Fat Fables is a performance and creation program for fat LGBT2SQ+ folks age twenty-nine and under. It was conceived in 2019 after Morgan Davis and Jules Vodarek Hunter worked on a show together with The AMY Project and recognized the gaps in arts programming for folks living at the intersection of fatness and queerness. Fat Fables was developed to build community, create opportunities, and make fat LGBT2SQ+ friends.
This initial run of Fat Fables ran from October 2021 to April 2022 with nine participants from across the Greater Toronto Area and British Columbia. Originally set to be an in-person program with a culminating performance, Fat Fables had to pivot to an online program due to COVID-19. We plan to run an in-person program with the same artists and do a culminating performance in late 2023. In order to talk about fatness in digital spaces, we have to think about all spaces. We sat down and had a conversation about what drove us to create Fat Fables and our experience running the program online for the first time.
As fat folks, there are many parts of life we don’t participate in because of the way the world is set up. Within the queer community, there is often an image of a thin, androgynous, cis, white person represented in media as what “queer” looks like. Both of us went through most of our lives feeling alone in our identities and never saw ourselves represented in media. And if we did, the fat character was always the butt of a joke, the comic relief, or their storyline was centered around weight loss. Within queer community and the theatre community, rarely do we see fat folks at the center of a performance or event.
Morgan Davis: With Fat Fables, I’m wondering what are some things that you expected or didn't expect from the group?
Jules Vodarek Hunter: I definitely feel that energy is the biggest thing. When we started, it was so energizing and it felt so good to be in a space online together, but over time I felt my energy to be on Zoom really deplete. It was hard to not have met anyone in person. As fat people, we hide a lot of ourselves already a lot of the time—especially our bodies. I feel Zoom is another layer of hiding in a way because we’re not taking up physical space. Of course, it's accessible in its own way—we get to be in the comfort of our homes and login and turn the camera off if we are having a bad day, both of which are really important.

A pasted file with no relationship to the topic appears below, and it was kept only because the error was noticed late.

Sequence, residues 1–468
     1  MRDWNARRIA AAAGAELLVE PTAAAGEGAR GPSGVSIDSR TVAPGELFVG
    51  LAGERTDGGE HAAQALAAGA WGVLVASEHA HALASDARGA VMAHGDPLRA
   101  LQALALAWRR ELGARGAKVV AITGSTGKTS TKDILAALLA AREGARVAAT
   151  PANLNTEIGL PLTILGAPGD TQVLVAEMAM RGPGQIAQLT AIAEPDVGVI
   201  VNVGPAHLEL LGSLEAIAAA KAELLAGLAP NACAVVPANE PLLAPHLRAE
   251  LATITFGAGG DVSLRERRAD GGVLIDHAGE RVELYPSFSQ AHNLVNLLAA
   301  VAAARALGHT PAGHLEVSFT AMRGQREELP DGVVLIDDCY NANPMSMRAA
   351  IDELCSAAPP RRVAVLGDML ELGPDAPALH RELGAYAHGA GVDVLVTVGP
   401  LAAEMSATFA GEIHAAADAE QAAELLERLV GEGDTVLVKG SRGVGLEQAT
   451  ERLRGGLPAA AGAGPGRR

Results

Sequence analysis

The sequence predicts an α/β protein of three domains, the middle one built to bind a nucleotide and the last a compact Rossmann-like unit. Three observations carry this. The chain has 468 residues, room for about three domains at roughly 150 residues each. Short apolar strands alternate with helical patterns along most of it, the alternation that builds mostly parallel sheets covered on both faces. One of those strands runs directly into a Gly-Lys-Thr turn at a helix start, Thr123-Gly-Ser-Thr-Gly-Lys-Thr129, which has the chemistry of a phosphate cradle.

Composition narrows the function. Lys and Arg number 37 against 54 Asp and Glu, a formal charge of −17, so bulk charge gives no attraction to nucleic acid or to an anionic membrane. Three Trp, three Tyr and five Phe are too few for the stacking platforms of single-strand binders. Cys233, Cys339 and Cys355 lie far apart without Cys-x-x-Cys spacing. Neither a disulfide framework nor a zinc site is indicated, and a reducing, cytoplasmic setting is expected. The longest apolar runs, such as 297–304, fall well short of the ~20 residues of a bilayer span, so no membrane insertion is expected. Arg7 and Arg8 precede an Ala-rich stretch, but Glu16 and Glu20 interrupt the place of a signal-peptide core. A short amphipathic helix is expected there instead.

Morgan: Absolutely! Having a space to go swimming for fat folks, having space for us to see shows, not having to spend all kinds of money to get clothes that fit, and being able to travel places without having to worry about all of the things that we are constantly conscious of is important. To create spaces like that takes a lot of energy. I agree that the pandemic, especially, has really put a toll on energy because of Zoom, so I think coming back to in-person work will change things.
Jules: Totally! Everyone has mental health needs, and varying degrees of what they need to do to take care of themselves.
Morgan: It was hard. This pandemic helped me recognize how productivity looks and it's not always linear. There’s not always one way to achieve things and get things done to be successful. When big events happen in the world, folks go through a lot, so we have to be able to make our program flexible and accessible to achieve the goals—especially if we want to be youth-centered and model accessibility. Something I struggle with is this mentality of, “I need to get this done now and if I don't, I failed.” It's like no, we have to be gentle with ourselves, especially in fat bodies.
Jules: I think that's something you taught me working on this: go slow and be okay with it. I feel I have the work mentality that all the stuff has to happen on time, but it doesn’t. We work for each other. Since we don't really work for anyone, we get to determine the work culture for ourselves. We can only do so much as two people who work full-time but we want to create a community, and we want to do it well.
Morgan: We really want to be able to show up as our full selves and that takes time.